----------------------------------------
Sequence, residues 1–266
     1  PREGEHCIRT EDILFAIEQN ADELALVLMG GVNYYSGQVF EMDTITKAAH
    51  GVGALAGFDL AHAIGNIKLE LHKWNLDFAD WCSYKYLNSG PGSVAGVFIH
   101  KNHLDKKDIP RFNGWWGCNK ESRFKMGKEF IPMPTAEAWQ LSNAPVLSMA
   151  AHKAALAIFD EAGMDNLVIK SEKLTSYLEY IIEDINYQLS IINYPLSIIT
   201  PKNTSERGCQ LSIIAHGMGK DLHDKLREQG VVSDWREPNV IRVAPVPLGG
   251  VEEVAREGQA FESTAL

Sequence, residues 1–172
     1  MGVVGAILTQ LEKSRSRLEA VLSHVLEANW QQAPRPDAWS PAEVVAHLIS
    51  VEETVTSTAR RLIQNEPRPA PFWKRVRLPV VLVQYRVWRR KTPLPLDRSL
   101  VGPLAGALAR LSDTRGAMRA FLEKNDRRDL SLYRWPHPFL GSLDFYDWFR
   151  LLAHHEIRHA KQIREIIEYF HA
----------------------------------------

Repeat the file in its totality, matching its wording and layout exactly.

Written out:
Sequence, residues 1–266
     1  PREGEHCIRT EDILFAIEQN ADELALVLMG GVNYYSGQVF EMDTITKAAH
    51  GVGALAGFDL AHAIGNIKLE LHKWNLDFAD WCSYKYLNSG PGSVAGVFIH
   101  KNHLDKKDIP RFNGWWGCNK ESRFKMGKEF IPMPTAEAWQ LSNAPVLSMA
   151  AHKAALAIFD EAGMDNLVIK SEKLTSYLEY IIEDINYQLS IINYPLSIIT
   201  PKNTSERGCQ LSIIAHGMGK DLHDKLREQG VVSDWREPNV IRVAPVPLGG
   251  VEEVAREGQA FESTAL

Sequence, residues 1–172
     1  MGVVGAILTQ LEKSRSRLEA VLSHVLEANW QQAPRPDAWS PAEVVAHLIS
    51  VEETVTSTAR RLIQNEPRPA PFWKRVRLPV VLVQYRVWRR KTPLPLDRSL
   101  VGPLAGALAR LSDTRGAMRA FLEKNDRRDL SLYRWPHPFL GSLDFYDWFR
   151  LLAHHEIRHA KQIREIIEYF HA